Christie Chirinos: [00:28:53] Bam. Yeah. So other tools at your disposal, I sat some out of office hours for what would regularly be hours that I would be in the office. Again, it’s tiered given what I was expecting of my jet lag and my sleep patterns. Cause I’m asleep nerd and setting the setting of like time zone is also a slack thing, right?

Ah, yes. We’re going to get into how slack.

In Google calendar is what I’m talking about, where the office hours, you can set out of office, office hours to automatically decline meeting invitations. So I set those up the early, early morning so that nobody would schedule like a 4:00 AM call with me outside of the ones that I already have pre committed.

Um, and, uh, that sort of helped in, in, in the message. I was like, I am declining this message because I’m currently in a time zone that would make this time difficult.

Joe Howard: [00:29:49] Customize that message. Well, I didn’t know. So cool.

Christie Chirinos: [00:29:52] And it helped because there was a sort of emergency meeting that had to get scheduled. While I was here sometime later, last week and they got the message and they were like, oh shoot, this is the only thing that somebody can do this. And then I was like, oh, okay. Like send me the invitation again and I’ll get up early. So that happened. And then, yeah, before we started recording, we caught up.

It’s something that we, that I found really interesting, which was the way that slack helped me out. So when I open up my computer, a lot of your work apps will say, Hey, we noticed you’re in a different time zone. Right? Cause your computer will pick up you’re in a different time zone. And. Do you want to switch into this?

And I’m like, yeah, yeah, yeah. And then with slack, I had to change the time zone that I was saying in the settings. Uh, and then that adjusted my do not disturb hours to be the right thing. And then in addition to that, that this really cool thing where it. Reminded people at the bottom of the times that I was in.

So, you know, if somebody was writing me a slack message at four in the morning, which is a reasonable time, uh  like 10:00 AM. Um, it would just sort of the, give them a little notification on the bottom. That’s at like, Hey, you know, it’s, it’s 6:15 AM for Christina.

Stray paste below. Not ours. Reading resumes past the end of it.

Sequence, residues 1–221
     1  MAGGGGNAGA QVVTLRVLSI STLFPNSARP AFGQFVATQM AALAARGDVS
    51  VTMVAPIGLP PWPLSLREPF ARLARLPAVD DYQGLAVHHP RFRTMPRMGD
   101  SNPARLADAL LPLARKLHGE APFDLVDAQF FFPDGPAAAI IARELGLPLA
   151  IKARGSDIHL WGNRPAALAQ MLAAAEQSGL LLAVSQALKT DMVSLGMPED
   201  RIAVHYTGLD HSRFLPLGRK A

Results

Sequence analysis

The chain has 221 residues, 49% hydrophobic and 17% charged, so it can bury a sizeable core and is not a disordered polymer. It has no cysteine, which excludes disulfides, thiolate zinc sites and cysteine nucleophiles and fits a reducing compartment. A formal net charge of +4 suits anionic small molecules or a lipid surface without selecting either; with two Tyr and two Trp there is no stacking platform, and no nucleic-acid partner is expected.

Joe Howard: [00:31:05] Yeah, I, uh, I messaged you about like recording today. Do you wanna record a day? And I saw this, I can’t see it right now in slack, but when I messaged you, it said like, Hey, this person’s outside of business hours. Or it said like, it is two 30 in the morning right now or something for this person that was like, oh right. She’s in Hawaii. Uh, so.

Christie Chirinos: [00:31:23] Yup. Exactly. So that was helpful because if you didn’t see my message and my team group or the status or whatnot, uh, you would get the little time notification.

So over communication and using all the tools available at your disposal to be a good teammate and let people know what to expect was huge. And. Did that. And then other than that, it was honestly mostly good. I definitely had to pull some early mornings, so we have a standing 10:00 AM call that I just, you know, got up at 4:00 AM to take on Tuesday.

Both Tuesdays. It just so happened that the second Tuesday I was also dying sick, like red in the face. So I called out, but from illness, not time zone and.

Joe Howard: [00:32:10] Kind of maybe I’m jet lagged, I’m so sick.

Christie Chirinos: [00:32:15] Um, and then again, that sort of emergency meeting as well, got up early for that. So it does take some work on your part, right?

You’re the one who is jetting off some places. Ocean island paradise. So you better put in the work to retain that prevalent.

Joe Howard: [00:32:34] Yeah, I think that’s actually a really important point that like, I feel like a lot of people want to travel these exotic places or whatever, and just have fun the whole time they’re in their trip, which you can.

Do right. You can have fun on, but just remember that, uh, you’re lucky enough to be on this trip and not the end of the world. You have to put in a little extra or, or not even just extra work, just like inconvenient work or be a little bit inconvenienced by time zone. Other people are in that is the price that you’re paying to take that trip.

And I’ve it’s, I think it’s important. Everybody to remember that when they tried to work in trouble. Yeah. Well,

Christie Chirinos: [00:33:07] I think that’s very important, especially when you work in a team, right? Like the dynamics are very different depending on the company and the size of your team and the expectations of your team.